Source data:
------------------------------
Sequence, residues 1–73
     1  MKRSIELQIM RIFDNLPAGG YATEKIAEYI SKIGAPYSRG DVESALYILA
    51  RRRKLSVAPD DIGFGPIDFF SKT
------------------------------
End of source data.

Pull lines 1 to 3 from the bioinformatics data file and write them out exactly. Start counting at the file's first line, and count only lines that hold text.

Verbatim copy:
Sequence, residues 1–73
     1  MKRSIELQIM RIFDNLPAGG YATEKIAEYI SKIGAPYSRG DVESALYILA
    51  RRRKLSVAPD DIGFGPIDFF SKT